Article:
Utilitarianism, Government Jobs, Planning, and More
Webcast Q&A: 29 April 2012
I answered questions on the wrong of utilitarianism, the morality of working a government job, optimal planning, padding your application, and more on 29 April 2012. Greg Perkins of Objectivist Answers was my co-host. Listen to or download this episode of Philosophy in Action Radio below.
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Segments: 29 April 2012
Question: What's wrong with utilitarianism? The basic principle of utilitarianism is "the greatest happiness for the greatest number." What's wrong with that as a moral standard? Shouldn't a person act for the good of society?
Answer, In Brief: Utilitarianism claims that every person obliged to promote greatest happiness for the greater number. It's an utterly wrong moral theory based on unjustified hedonism, egalitarianism, and collectivism. When put into practice, the result is massive injustice and misery.
Question: Is it moral to work for the IRS? Is it morally wrong to work for government agencies like the IRS (or equivalent tax bureaus), IAS (Indian Administrative Services), or the EPA? I'm an advocate of free markets. Would I be a hypocrite to work for such illegitimate government agencies?
Answer, In Brief: The morality of working for an illegitimate government agency depends on the kind of work that you’ll be done. In many cases, far better to be on welfare.
Question: How much advance planning is optimal? Some people like to plan everything well in advance, while others prefer to allow events to unfold and make decisions on the fly. Is one approach better than the other? How much does it depend on the circumstances? How can people with different preferences coordinate comfortably?
Answer, In Brief: There is a reasonable range of preferences for planning based on personality differences and circumstances, with pathology on both extremes.
Question: Is doing activities just to pad you application or resumé dishonest? Some people work on mastering playing the violin, competing in tennis tournaments, learning calculus, and other activities – not because they have any interest in them or because they think they might develop an interest once tried, but rather because they think these activities will look good on an application or resumé. Is that dishonest? Is it unwise?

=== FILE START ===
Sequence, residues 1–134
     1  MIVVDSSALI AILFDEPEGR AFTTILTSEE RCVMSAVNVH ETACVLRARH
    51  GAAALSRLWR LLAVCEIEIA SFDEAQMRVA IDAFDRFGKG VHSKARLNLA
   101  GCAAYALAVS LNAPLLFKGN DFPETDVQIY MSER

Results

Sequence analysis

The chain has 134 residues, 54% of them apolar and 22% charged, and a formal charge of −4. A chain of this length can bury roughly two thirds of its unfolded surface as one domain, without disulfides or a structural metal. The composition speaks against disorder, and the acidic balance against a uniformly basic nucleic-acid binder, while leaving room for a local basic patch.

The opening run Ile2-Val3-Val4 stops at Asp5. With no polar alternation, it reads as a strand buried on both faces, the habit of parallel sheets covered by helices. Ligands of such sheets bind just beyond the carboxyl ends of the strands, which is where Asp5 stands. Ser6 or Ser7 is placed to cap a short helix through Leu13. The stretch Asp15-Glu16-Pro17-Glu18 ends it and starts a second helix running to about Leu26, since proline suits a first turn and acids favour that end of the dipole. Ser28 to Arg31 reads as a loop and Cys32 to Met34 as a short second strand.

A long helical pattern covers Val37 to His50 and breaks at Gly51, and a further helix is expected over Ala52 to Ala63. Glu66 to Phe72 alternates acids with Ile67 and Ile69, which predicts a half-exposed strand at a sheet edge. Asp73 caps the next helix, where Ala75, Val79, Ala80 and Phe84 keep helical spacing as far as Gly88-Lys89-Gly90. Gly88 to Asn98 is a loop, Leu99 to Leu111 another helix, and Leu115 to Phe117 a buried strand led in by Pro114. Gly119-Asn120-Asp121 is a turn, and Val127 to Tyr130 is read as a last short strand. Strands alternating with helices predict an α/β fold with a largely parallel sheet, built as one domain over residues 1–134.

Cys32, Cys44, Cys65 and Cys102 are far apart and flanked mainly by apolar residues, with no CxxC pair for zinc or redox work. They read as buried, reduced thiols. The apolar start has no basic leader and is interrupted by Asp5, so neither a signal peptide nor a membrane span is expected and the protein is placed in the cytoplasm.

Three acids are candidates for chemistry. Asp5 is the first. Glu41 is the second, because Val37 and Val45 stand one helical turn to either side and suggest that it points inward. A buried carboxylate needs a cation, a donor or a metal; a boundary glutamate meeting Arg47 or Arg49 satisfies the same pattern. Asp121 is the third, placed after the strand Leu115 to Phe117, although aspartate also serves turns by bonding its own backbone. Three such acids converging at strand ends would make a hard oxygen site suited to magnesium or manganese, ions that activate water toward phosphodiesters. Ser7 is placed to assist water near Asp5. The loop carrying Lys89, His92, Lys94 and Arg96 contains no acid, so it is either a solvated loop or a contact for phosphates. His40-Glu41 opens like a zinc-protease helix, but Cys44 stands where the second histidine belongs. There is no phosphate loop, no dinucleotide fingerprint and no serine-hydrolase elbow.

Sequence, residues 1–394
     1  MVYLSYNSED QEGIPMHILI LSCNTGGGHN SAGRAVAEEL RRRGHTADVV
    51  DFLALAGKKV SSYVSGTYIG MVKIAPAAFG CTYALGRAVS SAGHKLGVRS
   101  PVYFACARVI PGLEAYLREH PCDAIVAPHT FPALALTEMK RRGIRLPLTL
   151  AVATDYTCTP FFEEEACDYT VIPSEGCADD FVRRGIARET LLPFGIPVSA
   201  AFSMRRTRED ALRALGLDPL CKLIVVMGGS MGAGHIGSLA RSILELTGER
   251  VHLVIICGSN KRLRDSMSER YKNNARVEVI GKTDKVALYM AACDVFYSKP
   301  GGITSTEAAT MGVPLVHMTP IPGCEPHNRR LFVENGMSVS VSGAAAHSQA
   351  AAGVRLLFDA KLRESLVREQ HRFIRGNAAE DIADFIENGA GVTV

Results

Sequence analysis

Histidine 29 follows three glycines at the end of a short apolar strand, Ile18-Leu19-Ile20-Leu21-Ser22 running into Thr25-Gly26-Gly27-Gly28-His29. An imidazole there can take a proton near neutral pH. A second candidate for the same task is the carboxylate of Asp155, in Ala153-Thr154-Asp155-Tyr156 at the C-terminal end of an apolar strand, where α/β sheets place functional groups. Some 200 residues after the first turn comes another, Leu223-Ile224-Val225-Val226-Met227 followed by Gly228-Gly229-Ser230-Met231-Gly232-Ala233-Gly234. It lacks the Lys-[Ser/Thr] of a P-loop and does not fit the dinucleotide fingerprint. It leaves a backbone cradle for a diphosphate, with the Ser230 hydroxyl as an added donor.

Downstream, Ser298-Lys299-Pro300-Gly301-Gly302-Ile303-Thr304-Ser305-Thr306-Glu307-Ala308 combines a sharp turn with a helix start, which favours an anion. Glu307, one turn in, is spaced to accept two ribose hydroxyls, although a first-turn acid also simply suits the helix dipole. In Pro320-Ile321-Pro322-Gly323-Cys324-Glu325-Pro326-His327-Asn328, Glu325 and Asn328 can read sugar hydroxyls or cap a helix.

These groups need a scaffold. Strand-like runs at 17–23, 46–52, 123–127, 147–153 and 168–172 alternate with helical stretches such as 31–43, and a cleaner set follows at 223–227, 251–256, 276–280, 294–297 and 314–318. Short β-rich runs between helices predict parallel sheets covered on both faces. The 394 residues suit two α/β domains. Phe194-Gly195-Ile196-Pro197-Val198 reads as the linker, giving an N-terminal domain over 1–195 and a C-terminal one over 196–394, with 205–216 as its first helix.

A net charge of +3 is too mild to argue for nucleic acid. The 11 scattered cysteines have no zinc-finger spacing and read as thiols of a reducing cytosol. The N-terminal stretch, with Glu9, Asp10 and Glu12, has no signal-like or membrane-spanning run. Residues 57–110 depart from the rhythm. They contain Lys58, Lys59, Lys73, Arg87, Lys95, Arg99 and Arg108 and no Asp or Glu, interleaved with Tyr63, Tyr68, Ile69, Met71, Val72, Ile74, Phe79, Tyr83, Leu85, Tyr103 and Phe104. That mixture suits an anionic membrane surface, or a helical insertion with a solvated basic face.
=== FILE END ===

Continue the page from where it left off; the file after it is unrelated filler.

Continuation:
Answer, In Brief: A person can make himself a better applicant by various means, and so long as he’s not claiming to have interests or qualities that he doesn’t have, that’s not a moral problem.
Rapid Fire Questions (51:43)
- Who owns the moon?
- How should I respond to a friend always giving me unsolicited advice?
- Is respecting the rights of others an unchosen obligation?
- Where's the line between being sensitive to the feelings of others and being second-handed?
- What do you think of the idea of "guilty pleasures"?
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About Philosophy in Action
I'm Dr. Diana Brickell (formerly Diana Hsieh). I'm a philosopher, and I've long specialized in the application of rational principles to the challenges of real life. I completed my Ph.D in philosophy from the University of Colorado at Boulder in 2009. I retired from work as a public intellectual in 2015.
From September 2009 to September 2015, I produced a radio show and podcast, Philosophy in Action Radio. In the primary show, my co-host Greg Perkins and I answered questions applying rational principles to the challenges of real life. We broadcast live over the internet on Sunday mornings.
My first book, Responsibility & Luck: A Defense of Praise and Blame, can be purchased in paperback and Kindle. The book defends the justice of moral praise and blame of persons using an Aristotelian theory of moral responsibility, thereby refuting Thomas Nagel's "problem of moral luck." My second book (and online course), Explore Atlas Shrugged, is a fantastic resource for anyone wishing to study Ayn Rand's epic novel in depth.
I can be reached via e-mail to email@example.com.